These stereotypes and attitudes stem from repeated statements from Russian officials regarding terrorist suspects from Central Asia and negative coverage of migrants in Russian media.

'Second-class people'

According to the Moscow-based Gaidar Institute for Economic Policy and specialists from Russian state agencies, there were 1.92 million Uzbekistani, 1.06 million Tajik, 622,000 Kyrgyz and 522,000 Kazakhstani nationals living in Russia as of June 1.


Makhamadyusuf Mirzaalimov, suspected of involvement in the April 3 Saint Petersburg metro bombing, attends a hearing on his detention at Saint Petersburg's Nevsky district court April 7. [Olga Maltseva/AFP]

Makhamadyusuf Mirzaalimov, suspected of involvement in the April 3 Saint Petersburg metro bombing, attends a hearing on his detention at Saint Petersburg's Nevsky district court April 7. [Olga Maltseva/AFP]

"Migrants from Central Asia do the least prestigious work here -- they clean the streets, build houses and roads, guard various facilities and babysit," Farkhod T., 35, who migrated to Moscow from Namangan, Uzbekistan, told Caravanserai.

Farkhod, who declined to publish his last name for fear of repercussions, came to Moscow five years ago. He first worked at a construction site before becoming a private driver, his current occupation.

Back home in Uzbekistan, he has a wife and four children to whom he sends money every month.

More than anything, Farkhod is afraid of being deported, so he always keeps up with registration requirements in town and does not break the rules that apply to those temporarily residing in Russia.

"The locals think we are second-class people, and it comes out in their everyday attitudes toward us," he said. "'Gooks' or 'monkeys' -- we have to tolerate every possible kind of insult."

Such bigotry is not uncommon. In one published incident earlier this year, Natalya Kushparenko, a journalist from Bishkek, faced discrimination at a Moscow hotel, the Kabar news agency reported.

The hotel refused to book a room for her solely because she is a Kyrgyz citizen, she said in April.

"I responded to the hotel management that I am a Kyrgyz citizen but an ethnic Russian," said Kushparenko. "The employee said, 'But you are not a Russian citizen ... and you live in a country that is hostile to us.'"

'How do I know that you are not a terrorist?'

This year, the discrimination became even worse, Farkhod said.

"One month ago, I was barred from entering a residential housing development in Moscow," he said. "The security guard told me, 'How do I know that you are not a terrorist?' I have been called many things in my lifetime, but that was the first time someone called me a terrorist."

Russians have become more vocal about their opinions on migrants and guest workers after Akbarjon Jalilov, a 22-year-old Russian citizen who was an ethnic Uzbek born in Kyrgyzstan, carried out a suicide attack on April 3 on the Saint Petersburg metro system, killing 14 people.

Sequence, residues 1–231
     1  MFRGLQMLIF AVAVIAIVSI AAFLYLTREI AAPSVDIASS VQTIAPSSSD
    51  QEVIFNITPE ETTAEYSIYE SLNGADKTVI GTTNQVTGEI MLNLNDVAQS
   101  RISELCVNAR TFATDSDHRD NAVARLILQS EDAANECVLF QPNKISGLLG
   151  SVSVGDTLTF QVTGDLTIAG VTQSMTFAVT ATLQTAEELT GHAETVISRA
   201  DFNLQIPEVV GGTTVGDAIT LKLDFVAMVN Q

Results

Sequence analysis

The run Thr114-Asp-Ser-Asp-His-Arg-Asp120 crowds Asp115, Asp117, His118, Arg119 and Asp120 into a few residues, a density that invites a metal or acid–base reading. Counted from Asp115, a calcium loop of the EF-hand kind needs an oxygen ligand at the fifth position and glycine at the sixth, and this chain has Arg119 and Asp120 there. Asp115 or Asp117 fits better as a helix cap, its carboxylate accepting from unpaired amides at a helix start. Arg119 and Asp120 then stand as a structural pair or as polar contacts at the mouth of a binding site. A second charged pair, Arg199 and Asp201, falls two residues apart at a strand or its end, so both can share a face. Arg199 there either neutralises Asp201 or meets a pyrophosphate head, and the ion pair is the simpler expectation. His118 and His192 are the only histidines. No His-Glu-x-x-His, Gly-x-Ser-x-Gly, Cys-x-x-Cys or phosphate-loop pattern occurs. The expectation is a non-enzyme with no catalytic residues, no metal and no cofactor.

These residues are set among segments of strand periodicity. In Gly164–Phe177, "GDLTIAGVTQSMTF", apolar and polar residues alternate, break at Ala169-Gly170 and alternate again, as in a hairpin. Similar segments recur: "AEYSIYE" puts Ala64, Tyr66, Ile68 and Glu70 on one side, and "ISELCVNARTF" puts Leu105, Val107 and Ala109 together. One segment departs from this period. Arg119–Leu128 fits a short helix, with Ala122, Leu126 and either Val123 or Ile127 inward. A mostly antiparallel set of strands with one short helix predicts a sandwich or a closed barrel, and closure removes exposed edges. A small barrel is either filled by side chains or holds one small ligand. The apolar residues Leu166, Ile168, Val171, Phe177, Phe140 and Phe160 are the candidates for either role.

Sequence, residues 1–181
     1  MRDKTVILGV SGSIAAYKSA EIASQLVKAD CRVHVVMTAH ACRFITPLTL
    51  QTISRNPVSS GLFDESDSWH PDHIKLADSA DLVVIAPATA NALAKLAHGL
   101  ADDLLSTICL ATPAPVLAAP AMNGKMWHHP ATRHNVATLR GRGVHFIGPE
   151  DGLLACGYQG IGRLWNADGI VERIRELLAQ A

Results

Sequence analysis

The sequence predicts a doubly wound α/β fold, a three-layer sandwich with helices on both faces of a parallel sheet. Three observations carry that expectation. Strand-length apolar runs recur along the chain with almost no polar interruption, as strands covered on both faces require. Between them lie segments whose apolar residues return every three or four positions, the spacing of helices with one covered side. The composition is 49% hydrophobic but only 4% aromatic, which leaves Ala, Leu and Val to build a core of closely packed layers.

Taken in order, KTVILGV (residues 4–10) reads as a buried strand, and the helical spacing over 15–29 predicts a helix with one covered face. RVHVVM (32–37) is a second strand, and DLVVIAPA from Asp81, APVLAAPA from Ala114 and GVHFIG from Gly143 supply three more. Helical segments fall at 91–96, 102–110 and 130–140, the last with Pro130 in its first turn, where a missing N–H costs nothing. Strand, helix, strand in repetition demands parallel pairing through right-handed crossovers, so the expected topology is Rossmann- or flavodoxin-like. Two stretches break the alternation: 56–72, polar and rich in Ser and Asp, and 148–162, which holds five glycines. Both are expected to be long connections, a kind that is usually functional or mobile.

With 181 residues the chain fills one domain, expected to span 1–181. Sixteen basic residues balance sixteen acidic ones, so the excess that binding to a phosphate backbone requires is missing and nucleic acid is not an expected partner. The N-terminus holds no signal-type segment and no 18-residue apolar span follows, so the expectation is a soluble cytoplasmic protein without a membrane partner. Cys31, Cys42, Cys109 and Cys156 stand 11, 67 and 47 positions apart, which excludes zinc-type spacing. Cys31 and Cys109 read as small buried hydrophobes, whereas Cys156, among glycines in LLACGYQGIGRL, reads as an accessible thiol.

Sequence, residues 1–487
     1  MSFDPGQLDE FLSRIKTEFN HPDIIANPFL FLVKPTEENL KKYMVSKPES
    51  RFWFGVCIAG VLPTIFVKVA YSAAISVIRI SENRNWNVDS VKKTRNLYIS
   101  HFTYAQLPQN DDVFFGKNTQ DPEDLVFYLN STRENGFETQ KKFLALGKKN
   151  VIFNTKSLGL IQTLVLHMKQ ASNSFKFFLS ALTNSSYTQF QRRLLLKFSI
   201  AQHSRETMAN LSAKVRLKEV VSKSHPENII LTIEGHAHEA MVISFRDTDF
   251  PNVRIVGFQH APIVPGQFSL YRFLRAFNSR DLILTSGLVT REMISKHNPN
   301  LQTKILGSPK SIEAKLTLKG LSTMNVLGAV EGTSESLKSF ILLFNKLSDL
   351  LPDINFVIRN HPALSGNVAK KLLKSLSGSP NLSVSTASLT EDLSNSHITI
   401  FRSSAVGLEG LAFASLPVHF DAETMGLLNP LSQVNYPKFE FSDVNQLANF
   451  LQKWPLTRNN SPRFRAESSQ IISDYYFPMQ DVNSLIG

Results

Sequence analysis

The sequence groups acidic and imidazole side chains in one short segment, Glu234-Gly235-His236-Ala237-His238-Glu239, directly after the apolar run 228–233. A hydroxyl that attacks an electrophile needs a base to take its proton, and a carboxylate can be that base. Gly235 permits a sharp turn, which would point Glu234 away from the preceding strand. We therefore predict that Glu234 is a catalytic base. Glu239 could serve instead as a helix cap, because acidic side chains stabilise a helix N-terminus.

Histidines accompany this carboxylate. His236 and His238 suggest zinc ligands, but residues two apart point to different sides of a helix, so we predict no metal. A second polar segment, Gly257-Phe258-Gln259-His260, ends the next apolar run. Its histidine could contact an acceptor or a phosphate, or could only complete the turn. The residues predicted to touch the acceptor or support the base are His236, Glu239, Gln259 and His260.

A few days after the attack, the Investigative Committee of Russia announced that six migrants from the Central Asian region had been arrested in Saint Petersburg. The suspects were accused of recruiting for al-Qaeda-linked Jabhat Fateh al-Sham (formerly known as al-Nusra Front) and "Islamic State" (IS).

A month later, the Russian Federal Security Service announced that it had arrested four men -- all natives of Central Asia -- who were involved with IS and complicit in preparing for terrorist attacks in Moscow.

In August, two more alleged IS members were detained, once again from Central Asia, who reportedly were planning terrorist attacks for September 1 in Moscow.

Creating 'an image of the enemy'

This increased focus on the threat of Central Asian terrorist suspects, whether real or exaggerated, creates problems for Central Asian migrants trying to make an honest living in Russia.

Russian media outlets and security officials "shape us into an image of the enemy", Farkhod said.

Nationals from Commonwealth of Independent States countries who came to Russia for job opportunities form the backbone of terrorist groups inside the Russian Federation, Aleksandr Bortnikov, chief of Russia's National Anti-Terrorism Committee, said April 11.

The Central Asian region is the main source of migrant labourers in Russia.

Statements linking Central Asians with IS have strengthened the anti-migrant attitudes held by Russian citizens, according to Farkhod.

"This past summer in a cafe in Moscow, some Russian guys picked on someone I know from Tajikistan and dragged him outside," he said.

The Russians beat up the Tajik, according to Farkhod.

"Nobody tried to help him, not even the establishment's security guards," said Farkhod.

Do you like this article?

Ca mobile no 164

Comments

* Denotes Required Field
Captcha

34 Comments

Asd | 2018-05-18

Migration is problem of government. Russian and Asian. If people had job in their countries they wouldn't go to Russia. Russian government policy is to attract migrants. So if you don't like migrants you should blame russian government and not asian people. They would prefer to stay home with peach trees than to be here in cold and dark country.

Рита | 2018-01-09

We always worked and vacationed in cities around the CIS [NOTE: probably USSR, not CIS], [there was] no need to recruit and invite [people] from Central Asia then. To this day, they are hiring in every city in Russia. You can find rotten people of every nationality.

Ертай | 2018-01-08

Who are they, anyway? I do consider them second-class people.

Махмад | 2018-01-04